At the suggestion of my dear friend and sister in law, this post will be pertaining to baking and cooking. M* is wonderfully healthy, and has recently decided that he does indeed like the rice flour bread that I have been purchasing frozen and thawing one or two slices at a time. Because of the limitations up to this point, he hasn’t really had sandwiches, but now that he has chosen a bread he likes, that is in our near future.
Let’s talk basic baking ingredients:
Things that are safe as is:
Things to watch for, omit or substitute
Eggs - any form of actual egg is flat out. The only substitution that works for us has been Ener-G Egg Replacer. It can not be used as a whole ingredient (like scrambled eggs), but is priceless in its function as egg substitute in baking. In fruit breads, an extra banana has proven a workable but flawed sub.
Flour – no wheat flour whatsoever. Read carefully. Some flours are blended with wheat, even if labeled otherwise. M* is fortunate to not have a gluten intolerance, meaning that other grains which contain gluten are not off limits. Only wheat. So this means we are experimenting with all different kinds of flours. Rice, Brown Rice, Tapioca, Potato (which is purely potato powder…wonderful for substitute white sauce/rue), chickpea flour, oat bran. There are unique qualities to these flours, and I am still discovering what works best for which item.
Milk – No animal milk of any kind. No soy. No almond. This leaves hemp, sunflower and rice milks, and in our case I have used some of his formula in a sweeter dough. It adds a vanilla/sweet flavor, but is not unpleasant. I have used this when a higher fat content is desirable.
Vegetable Oil – Be very cautious. Much of the vegetable oil produced is pure soy oil. This is a problem. Instead, use corn oil, olive oil, or sunflower oil. NEVER use walnut oil. Coconut oil is great, but some recipes require the liquid form of the other two I listed. An extra portion of applesauce can be used to add moisture in sweeter recipes/breads as well.
Chocolate Chips – most, unless pure dark chocolate, contain milk and soy lecithin. This rules them out. There are a few brands I have used that produce a very tasty dairy free, soy free chocolate. My favorite at this point is the Enjoy Life brand, mini chips. M* loves them!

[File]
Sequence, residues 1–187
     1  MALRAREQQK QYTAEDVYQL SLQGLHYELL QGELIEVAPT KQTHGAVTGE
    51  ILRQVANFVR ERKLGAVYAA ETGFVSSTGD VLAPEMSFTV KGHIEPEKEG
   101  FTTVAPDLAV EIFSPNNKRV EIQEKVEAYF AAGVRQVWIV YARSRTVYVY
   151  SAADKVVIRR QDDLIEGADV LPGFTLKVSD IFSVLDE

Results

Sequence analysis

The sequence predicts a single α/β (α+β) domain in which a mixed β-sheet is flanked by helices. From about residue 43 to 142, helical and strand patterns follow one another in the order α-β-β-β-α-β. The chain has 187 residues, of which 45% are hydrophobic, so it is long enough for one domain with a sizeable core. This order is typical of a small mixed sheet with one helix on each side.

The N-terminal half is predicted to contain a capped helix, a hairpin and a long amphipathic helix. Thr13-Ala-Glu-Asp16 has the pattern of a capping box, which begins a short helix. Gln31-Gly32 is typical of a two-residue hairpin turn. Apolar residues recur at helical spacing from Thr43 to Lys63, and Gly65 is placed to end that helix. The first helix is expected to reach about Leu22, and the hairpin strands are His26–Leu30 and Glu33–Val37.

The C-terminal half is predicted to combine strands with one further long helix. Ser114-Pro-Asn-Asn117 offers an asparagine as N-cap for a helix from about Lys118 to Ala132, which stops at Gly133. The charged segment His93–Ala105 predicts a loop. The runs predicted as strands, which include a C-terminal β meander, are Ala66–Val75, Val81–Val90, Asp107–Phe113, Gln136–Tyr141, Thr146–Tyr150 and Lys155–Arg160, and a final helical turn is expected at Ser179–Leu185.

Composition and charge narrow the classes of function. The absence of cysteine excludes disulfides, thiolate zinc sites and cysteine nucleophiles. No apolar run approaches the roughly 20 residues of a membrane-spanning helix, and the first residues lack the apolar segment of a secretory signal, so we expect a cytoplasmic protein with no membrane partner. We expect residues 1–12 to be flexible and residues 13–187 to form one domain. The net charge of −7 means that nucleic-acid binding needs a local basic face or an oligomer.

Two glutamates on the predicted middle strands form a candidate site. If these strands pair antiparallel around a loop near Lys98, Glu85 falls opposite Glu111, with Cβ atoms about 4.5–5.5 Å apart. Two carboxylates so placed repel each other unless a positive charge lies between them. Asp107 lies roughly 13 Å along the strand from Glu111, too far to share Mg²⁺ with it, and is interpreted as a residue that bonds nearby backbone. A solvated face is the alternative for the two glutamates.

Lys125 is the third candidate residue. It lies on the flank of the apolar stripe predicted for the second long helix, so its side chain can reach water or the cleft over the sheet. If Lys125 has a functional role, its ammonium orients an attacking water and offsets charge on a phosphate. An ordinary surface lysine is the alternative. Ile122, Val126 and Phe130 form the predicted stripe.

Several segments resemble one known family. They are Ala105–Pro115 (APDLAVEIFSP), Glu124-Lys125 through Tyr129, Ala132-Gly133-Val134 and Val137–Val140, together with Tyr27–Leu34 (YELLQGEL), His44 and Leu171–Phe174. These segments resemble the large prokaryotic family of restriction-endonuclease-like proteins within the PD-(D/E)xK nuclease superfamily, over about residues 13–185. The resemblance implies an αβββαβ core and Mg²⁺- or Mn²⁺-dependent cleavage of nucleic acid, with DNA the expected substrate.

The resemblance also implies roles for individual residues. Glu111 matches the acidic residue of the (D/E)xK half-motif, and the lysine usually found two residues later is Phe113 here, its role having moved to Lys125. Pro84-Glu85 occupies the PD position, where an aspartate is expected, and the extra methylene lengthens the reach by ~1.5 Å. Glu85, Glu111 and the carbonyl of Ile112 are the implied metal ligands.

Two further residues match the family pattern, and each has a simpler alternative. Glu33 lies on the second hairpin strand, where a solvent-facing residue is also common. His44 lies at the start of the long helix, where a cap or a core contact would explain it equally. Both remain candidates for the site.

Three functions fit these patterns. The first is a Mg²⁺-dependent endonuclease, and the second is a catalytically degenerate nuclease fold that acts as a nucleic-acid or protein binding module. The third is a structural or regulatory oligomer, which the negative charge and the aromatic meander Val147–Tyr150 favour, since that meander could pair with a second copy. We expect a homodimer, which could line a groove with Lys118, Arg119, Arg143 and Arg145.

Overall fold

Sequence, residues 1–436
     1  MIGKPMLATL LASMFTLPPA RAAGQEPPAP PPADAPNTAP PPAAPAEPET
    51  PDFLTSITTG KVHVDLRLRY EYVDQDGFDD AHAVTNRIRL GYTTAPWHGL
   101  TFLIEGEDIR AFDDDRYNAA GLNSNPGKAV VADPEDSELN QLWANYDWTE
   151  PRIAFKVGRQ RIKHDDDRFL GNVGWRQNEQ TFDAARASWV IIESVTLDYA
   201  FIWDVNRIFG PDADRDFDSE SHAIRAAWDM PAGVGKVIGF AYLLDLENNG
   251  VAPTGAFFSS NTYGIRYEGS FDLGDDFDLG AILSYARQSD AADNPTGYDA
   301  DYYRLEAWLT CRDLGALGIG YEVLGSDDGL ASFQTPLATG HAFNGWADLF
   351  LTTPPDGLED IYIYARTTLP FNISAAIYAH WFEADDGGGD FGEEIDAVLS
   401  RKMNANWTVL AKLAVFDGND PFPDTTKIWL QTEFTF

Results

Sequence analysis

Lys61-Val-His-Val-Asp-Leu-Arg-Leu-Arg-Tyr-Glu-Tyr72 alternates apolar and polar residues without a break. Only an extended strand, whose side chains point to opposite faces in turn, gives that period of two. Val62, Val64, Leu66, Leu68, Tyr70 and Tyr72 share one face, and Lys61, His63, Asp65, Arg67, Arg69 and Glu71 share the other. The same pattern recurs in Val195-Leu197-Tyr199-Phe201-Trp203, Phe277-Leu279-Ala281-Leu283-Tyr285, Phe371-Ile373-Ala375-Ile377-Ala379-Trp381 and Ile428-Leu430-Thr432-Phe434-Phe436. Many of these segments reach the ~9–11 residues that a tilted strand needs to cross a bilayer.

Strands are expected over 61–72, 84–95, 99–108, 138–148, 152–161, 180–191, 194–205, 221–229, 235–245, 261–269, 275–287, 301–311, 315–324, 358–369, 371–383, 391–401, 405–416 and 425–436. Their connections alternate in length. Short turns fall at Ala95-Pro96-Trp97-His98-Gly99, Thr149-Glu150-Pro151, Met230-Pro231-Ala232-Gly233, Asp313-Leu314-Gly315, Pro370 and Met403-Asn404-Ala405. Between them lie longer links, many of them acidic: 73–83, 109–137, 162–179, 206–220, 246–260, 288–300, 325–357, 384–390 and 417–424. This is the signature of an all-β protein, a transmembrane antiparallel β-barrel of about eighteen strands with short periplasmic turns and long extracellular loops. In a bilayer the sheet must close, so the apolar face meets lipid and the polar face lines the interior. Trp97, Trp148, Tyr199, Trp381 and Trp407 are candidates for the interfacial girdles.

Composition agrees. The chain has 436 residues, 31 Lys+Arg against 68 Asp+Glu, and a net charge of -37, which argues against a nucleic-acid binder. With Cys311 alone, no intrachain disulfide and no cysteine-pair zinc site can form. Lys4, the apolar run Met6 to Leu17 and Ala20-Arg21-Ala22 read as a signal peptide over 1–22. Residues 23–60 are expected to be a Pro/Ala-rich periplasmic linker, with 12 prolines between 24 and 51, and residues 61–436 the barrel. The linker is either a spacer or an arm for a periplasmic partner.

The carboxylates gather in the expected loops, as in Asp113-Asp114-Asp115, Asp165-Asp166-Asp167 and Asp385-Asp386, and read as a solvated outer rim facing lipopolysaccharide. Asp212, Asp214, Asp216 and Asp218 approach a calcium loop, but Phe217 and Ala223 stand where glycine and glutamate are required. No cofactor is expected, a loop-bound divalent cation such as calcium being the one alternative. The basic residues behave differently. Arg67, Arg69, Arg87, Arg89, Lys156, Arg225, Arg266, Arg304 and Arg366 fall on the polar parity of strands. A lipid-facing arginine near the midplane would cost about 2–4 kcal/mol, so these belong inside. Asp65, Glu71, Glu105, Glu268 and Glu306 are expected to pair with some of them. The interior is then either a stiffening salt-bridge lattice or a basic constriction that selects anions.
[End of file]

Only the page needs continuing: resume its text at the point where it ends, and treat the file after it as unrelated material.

Peanut Butter – no. Sunflower butter is the best sub for him. Soy butter is out, as are all of the other common butters, such as walnut, cashew and almond.
Nuts – no.
Seeds – most seeds are okay, but stay far away from sesame seeds. Sunflower is the most common one for us, and pumpkin seeds.
Butter – NO. Really, really no. There are two that we love and use constantly. One is Dairy free, soy free, everything free buttery spread from Earth Balance. I also really love the Coconut Oil butter spread from Olivio. Both are very good on other foods as well, such as potatoes and rice.
Other dairy products - Sour Cream, yogurt, cottage cheese, anything like that, is not good. BUT never fear, the good people at SoDelicious have come up with wonderful yogurts to use instead. They make plain coconut yogurt, flavored, and Greek versions. Fabulous!
As far as cooking in general, it’s pretty simple to cook for someone with allergies. You just have to get in the habit of clean eating. The opportunities that come from eating only vegetables, fruits and meats from whole ingredients are amazing! Flavors are pure and clean, and it is easy enough to make tasty meals that everyone can enjoy together. Granted, now and then I would like to chow through an entire loaf of Texas Toast, but honestly it’s not that good for the tummy – it’s a helpful aid to be tethered to a strict diet.
A few meals that we have come to love eating together are :
Spaghetti and Meatballs:
Gluten Free Italian Sausage Meatballs
Spaghetti noodles with Rice Flour
Any one of a number of big brand sauces OR home spiced tomato sauce. Just watch the labels for added cheeses or soy ingredients.
Beef, seasoned as desired, served in a lettuce wrap
oven fries, just sliced and tossed in olive oil
Taco seasoning, scanned for dairy and soy, or seasoned at home
meat of choice
toppings, other than sour cream
Corn tortillas or corn taco shells (crunchy tacos are already corn!)
Bacon, steamed broccoli, greek yogurt or butter as toppings
served with salad or chicken
Next up, we will tackle ready-made desserts!